Imrem: Why Marian Hossa reminds me of Cubs great Billy Williams
Marian Hossa is right at the top among Chicago athletes who made the Hall of Fame in their respective sports.
Hossa hasn't been enshrined yet, but will be whenever he becomes eligible.
Unfortunately, it appears that will be sooner than later due to an allergy that has led to a severe skin condition.
The Blackhawks' news release on Wednesday stated Hossa won't play for the Hawks during the 2017-18 season.
Whether that means Hossa's career is over wasn't clear, but it sure sounds possible.
Regardless, this seems like a good time to review exactly how great a hockey player Hossa has been and what he meant to the Blackhawks the past eight seasons
Included in the assessment has to be how professional, earnest and hardworking Hossa has been since entering the NHL way back in 1998.
I have been trying to think of another local Hall-of-Fame athlete from, say, the past half-century who is similar to Hossa.
Michael Jordan, Bobby Hull, Stan Mikita, Ernie Banks, Gale Sayers, Dick Butkus, Denis Savard and Tony Esposito were too spectacular compared to Hossa's workmanlike style.
Too much drama accompanied Frank Thomas, while Hossa just went about his business without making even weak waves.
Ron Santo was sort of flamboyant with the heel-clicking after Cubs victories and namesake pizza, while Hossa has been all hockey, all the time.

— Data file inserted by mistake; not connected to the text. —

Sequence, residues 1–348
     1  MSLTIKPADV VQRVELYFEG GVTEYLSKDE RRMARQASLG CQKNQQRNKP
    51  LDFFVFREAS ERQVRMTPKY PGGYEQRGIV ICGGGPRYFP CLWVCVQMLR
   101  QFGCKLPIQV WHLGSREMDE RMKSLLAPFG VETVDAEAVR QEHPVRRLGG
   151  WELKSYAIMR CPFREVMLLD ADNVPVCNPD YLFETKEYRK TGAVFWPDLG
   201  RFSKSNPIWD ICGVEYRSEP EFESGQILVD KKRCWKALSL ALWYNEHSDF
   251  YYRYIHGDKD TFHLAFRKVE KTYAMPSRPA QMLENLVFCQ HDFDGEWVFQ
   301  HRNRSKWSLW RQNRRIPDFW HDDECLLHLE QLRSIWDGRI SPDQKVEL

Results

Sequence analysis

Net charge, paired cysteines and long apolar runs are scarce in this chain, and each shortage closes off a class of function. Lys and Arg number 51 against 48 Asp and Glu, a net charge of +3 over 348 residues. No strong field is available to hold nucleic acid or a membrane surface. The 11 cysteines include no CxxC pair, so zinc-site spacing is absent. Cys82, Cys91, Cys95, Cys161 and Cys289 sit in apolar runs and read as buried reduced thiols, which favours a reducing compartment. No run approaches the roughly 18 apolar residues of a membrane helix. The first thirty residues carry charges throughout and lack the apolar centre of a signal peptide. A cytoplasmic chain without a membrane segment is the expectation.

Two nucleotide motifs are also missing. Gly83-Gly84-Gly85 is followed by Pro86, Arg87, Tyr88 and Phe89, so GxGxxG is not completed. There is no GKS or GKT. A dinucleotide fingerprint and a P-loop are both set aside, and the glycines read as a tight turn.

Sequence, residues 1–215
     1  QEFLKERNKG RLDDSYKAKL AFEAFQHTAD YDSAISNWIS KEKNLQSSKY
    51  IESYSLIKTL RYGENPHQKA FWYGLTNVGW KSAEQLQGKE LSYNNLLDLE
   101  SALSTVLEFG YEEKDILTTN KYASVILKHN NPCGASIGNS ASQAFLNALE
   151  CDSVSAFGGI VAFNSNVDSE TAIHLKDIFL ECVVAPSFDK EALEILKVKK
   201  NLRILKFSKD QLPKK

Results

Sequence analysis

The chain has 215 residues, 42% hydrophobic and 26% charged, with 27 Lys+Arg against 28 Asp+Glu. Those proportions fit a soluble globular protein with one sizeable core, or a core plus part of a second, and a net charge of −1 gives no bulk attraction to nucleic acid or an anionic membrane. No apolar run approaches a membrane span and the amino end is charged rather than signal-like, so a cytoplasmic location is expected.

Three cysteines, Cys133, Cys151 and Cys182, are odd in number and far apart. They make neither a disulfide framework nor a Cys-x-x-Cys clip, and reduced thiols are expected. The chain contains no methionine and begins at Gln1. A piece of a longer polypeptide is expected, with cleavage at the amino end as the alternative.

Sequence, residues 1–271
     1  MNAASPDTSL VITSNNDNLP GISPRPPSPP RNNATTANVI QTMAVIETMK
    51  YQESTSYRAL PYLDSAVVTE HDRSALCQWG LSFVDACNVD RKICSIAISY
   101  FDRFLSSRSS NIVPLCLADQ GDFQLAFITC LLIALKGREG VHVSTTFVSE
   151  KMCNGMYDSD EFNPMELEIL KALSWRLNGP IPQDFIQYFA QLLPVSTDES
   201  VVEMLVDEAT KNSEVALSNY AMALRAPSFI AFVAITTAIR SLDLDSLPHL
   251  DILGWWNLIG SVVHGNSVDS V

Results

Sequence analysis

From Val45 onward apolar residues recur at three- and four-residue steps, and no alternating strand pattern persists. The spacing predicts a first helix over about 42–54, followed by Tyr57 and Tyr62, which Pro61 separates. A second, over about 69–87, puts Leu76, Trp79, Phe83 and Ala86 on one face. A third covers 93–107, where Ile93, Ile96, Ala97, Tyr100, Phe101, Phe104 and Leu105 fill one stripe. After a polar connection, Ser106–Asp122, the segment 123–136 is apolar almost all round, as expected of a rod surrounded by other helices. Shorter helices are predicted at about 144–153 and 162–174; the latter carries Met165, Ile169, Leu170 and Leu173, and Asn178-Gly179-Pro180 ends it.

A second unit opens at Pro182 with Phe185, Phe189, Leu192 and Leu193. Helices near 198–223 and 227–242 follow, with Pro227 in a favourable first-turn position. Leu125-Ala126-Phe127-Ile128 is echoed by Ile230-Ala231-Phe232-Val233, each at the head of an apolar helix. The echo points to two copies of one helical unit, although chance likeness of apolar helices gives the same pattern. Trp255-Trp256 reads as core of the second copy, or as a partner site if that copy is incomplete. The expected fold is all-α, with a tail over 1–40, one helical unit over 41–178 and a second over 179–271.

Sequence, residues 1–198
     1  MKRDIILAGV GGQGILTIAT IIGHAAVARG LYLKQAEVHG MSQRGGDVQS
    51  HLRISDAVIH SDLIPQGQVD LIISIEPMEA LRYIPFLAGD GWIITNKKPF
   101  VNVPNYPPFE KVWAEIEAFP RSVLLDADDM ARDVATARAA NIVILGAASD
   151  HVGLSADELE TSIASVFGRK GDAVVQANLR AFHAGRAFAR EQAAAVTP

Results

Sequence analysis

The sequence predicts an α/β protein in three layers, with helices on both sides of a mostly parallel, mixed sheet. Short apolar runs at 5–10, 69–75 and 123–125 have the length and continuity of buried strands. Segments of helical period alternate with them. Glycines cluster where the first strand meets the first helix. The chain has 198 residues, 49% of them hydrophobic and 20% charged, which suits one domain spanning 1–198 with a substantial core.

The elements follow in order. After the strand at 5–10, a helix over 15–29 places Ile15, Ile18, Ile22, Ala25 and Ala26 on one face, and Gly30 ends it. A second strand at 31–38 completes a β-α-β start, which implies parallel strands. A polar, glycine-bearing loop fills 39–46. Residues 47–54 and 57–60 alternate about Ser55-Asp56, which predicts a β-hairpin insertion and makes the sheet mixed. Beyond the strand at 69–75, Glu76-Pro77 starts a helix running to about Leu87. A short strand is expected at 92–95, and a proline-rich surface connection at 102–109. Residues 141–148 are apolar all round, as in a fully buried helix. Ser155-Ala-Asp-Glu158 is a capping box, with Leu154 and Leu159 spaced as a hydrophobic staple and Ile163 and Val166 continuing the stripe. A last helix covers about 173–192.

Greg Maddux is beloved around here but remembered more as an Atlanta Braves player than a Cub, while Hossa's prominence grew as a Hawks champion.
Maybe the answer is the subdued Ryne Sandberg, but he too often was the best player on bad Cub teams while Hossa was an outstanding player on outstanding Hawks teams.
Scottie Pippen and Dennis Rodman, uh, no.
Wait, it's coming to me, a little late probably because this athlete was as understated as Hossa has been.
How about Billy Williams?
The Cubs slugger from the 1960s into the 1970s played on some good teams with Banks, Santo and Fergie Jenkins, all fellow Hall-of-Famers.
Like Hossa, Williams quietly went about playing his sport with less fanfare than the others.
While Williams sometimes was taken for granted on a team with Banks, Santo and Jenkins, so was Hossa on a team with Jonathan Toews, Patrick Kane and Duncan Keith.
Maybe that worked to the advantage of both Williams and Hossa. Neither had the intense spotlight that can produce pressure that can distract an athlete from being all that he can be.
For some reason, being on a team featuring four future Hall of Famers never translated into Williams playing in the postseason with the Cubs. However, it didn't prevent him from performing like a champion.
Then there has been Hossa, who from the time he arrived in town fit in with a Hawks core that would win three Stanley Cups.
Perhaps the most distinct similarity of Hossa to Williams is that neither was a look-at-me athlete searching around the locker room for a TV camera, radio reporter's microphone or newspaperman's notepad.
Blackhawks fans can only hope that even at age 39, after a season off, Marian Hossa can resume producing on both ends of the ice like he always has in the past.
If not, there are worse things than ending a career being compared to Billy Williams.